- November 9, 1962 – Ford Rotunda burns down
- April 8, 1963 – Unannexed sections of Dearborn Township incorporated as the city of Dearborn Heights.
- January 26, 1965 – The Michigan Civil Rights Commission finds Mayor Hubbard guilty of posting racist newspaper and magazine clippings on City Hall bulletin boards. However, he is never taken to court on the issue.
- 1967 – Many Palestinian refugees start immigrating to Dearborn as a result of the Six-Day War.
- December 1967 – The City of Dearborn purchases Clearwater Towers in Clearwater, Florida. The million dollar acquisition is renamed “Dearborn Towers” and acts as a retirement community for Dearborn residents until it is sold in 2012.
- November 25, 1969 – Henry Ford Centennial Library is dedicated on Michigan Avenue.
- 1971 – Arab Community Center for Economic and Social Services (ACCESS) is established by volunteers who want to assist the integration process for Arab-Americans in Dearborn.
- 1975-1990 – The Lebanese Civil War results in an increase of Lebanese immigration to Dearborn.
- March 2, 1976 – Fairlane Town Center, Dearborn’s first shopping mall, opens.
- November 4, 1976 – The Dearborn Press and Dearborn Guide newspapers merge.
- Late 1970s-1990s – Arab Americans move from Southend of Dearborn to eastern side of the city. The high rate of Non-Arabs moving out of eastern Dearborn allows for Arab-Americans to buy homes and build new ones. By the 1990s “Middle Eastern Market” business districts developed along Warren Avenue and Schaefer Road.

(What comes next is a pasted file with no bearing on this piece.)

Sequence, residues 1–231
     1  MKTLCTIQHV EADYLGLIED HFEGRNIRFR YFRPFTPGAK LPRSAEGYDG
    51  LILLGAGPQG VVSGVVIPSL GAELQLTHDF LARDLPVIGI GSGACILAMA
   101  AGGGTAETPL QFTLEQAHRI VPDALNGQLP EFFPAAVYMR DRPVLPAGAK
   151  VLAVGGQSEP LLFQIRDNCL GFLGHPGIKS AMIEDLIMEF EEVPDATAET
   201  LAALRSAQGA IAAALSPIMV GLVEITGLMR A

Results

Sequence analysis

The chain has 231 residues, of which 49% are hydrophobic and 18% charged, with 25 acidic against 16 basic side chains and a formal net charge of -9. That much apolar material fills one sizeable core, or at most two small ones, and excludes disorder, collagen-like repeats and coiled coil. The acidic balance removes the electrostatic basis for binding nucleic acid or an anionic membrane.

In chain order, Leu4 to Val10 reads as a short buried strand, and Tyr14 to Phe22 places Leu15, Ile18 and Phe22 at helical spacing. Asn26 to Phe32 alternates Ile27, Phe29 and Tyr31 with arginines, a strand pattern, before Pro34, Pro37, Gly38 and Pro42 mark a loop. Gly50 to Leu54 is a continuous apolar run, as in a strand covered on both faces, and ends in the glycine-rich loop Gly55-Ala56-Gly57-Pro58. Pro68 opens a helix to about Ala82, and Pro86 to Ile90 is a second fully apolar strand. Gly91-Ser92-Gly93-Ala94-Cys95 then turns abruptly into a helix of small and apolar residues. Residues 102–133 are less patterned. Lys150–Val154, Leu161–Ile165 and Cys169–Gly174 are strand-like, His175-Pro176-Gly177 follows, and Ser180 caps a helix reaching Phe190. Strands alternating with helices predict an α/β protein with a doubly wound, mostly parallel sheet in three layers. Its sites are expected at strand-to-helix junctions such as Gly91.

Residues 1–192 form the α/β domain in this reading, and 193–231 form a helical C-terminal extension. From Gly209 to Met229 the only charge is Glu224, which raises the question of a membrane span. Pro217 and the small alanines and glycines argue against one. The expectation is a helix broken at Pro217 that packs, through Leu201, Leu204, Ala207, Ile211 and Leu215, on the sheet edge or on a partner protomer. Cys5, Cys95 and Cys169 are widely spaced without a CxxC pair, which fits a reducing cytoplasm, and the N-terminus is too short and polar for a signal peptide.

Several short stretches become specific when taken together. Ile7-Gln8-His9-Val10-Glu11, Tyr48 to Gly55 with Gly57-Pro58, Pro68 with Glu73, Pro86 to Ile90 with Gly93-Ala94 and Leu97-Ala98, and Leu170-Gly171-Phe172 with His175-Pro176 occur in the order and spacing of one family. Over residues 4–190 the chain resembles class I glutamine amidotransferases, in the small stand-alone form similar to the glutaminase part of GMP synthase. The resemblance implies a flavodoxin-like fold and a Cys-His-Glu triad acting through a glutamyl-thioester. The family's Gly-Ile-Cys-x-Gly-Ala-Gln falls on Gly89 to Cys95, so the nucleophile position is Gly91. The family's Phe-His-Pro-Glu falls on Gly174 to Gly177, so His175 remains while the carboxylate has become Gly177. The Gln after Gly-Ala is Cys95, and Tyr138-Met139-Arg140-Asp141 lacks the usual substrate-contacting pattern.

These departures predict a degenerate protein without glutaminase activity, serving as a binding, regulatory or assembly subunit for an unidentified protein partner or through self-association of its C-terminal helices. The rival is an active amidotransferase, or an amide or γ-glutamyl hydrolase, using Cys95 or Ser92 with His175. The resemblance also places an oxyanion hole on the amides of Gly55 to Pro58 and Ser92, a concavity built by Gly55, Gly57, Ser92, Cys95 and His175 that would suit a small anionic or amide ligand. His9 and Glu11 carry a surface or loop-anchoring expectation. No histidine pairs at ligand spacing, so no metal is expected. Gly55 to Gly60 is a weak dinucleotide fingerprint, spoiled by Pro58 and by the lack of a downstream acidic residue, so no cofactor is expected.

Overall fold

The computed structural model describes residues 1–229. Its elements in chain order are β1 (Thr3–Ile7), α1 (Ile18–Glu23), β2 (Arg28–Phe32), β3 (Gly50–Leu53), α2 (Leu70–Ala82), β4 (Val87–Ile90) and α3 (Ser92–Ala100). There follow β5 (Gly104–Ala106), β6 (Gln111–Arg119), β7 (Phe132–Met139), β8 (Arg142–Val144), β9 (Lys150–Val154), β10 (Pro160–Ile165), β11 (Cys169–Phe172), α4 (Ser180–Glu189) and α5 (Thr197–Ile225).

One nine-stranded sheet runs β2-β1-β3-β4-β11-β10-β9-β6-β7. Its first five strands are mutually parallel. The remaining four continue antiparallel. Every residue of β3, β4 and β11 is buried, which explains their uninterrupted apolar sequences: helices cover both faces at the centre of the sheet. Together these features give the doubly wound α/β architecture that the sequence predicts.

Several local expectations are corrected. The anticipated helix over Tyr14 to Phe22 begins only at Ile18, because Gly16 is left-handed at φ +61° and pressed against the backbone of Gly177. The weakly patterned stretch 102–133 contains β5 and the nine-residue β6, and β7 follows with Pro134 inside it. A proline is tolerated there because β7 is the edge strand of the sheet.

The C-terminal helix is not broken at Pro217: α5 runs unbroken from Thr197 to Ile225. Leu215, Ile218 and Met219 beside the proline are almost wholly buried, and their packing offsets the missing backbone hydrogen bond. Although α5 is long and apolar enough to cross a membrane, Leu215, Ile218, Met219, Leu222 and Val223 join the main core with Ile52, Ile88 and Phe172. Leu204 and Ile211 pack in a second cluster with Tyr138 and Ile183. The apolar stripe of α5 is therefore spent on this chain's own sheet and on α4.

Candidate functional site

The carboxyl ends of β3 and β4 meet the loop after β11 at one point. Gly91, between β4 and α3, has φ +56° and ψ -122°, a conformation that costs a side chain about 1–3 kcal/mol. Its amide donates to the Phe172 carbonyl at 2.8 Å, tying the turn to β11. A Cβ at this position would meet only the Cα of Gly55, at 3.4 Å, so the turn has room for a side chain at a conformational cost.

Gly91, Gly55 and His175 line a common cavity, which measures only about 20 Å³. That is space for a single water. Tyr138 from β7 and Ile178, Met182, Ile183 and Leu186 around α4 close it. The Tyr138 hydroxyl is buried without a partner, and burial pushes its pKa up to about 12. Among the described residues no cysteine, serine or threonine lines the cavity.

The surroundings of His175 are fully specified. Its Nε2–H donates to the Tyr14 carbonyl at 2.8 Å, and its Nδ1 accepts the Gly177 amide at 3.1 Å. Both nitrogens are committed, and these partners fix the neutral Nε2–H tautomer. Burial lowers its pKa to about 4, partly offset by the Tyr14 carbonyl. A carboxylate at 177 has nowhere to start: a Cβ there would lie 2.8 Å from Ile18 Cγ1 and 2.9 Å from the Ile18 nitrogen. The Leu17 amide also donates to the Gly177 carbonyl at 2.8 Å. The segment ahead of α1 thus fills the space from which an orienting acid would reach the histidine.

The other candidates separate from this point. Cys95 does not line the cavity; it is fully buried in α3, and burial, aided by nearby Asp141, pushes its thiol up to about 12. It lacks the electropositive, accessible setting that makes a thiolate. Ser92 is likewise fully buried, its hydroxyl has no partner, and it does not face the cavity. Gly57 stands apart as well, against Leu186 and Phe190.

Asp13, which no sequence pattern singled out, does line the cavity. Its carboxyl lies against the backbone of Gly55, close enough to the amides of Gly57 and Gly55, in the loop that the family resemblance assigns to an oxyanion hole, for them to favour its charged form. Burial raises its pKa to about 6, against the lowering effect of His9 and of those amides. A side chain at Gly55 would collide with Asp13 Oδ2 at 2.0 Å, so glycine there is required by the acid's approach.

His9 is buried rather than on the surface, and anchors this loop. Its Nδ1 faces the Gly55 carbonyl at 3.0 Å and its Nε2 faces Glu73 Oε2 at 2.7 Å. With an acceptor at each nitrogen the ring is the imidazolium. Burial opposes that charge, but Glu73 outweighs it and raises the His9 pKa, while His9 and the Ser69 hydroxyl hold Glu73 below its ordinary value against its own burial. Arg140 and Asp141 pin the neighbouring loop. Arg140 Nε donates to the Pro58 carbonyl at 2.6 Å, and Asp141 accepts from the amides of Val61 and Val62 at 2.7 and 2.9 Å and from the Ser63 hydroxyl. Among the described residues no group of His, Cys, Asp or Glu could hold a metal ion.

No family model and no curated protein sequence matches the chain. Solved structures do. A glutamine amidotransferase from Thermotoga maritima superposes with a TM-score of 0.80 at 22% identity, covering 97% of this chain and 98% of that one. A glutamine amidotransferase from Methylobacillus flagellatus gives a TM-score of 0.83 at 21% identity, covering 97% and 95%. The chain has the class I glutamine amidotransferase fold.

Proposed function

- 1978 – John B. O’ Reilly, Sr. becomes mayor of Dearborn
- December 16, 1982 – Orville Hubbard dies
- 1986 – Michael Guido becomes the mayor of Dearborn.
- 1989 – Suzanne Sareini becomes first Arab-American elected to Dearborn city council.
- 2004 – Tours resume at the Ford Rouge plant for the first time since 1980, after Ford F-150 production begins at the facility.
- 2005 – The Islamic Center of America opens its current mosque building on Ford Road. The mosque is the largest in North America.
- 2005 – ACCESS opens Arab American National Museum opens.
- 2006 – Michael Guido dies at the age of 52 during his 6th term. He is the only Dearborn mayor to die in office.
- 2006 – John B. O’Reilly, Jr. becomes Dearborn mayor.
- 2013 – After 20 years, organizers ended the Arab International Festival after visits by controversial Christian groups raised the cost of insurance.
- October 10, 2018 – Ford officially opens the renovated Wagner Place development as part of an effort to revitalize the downtown area.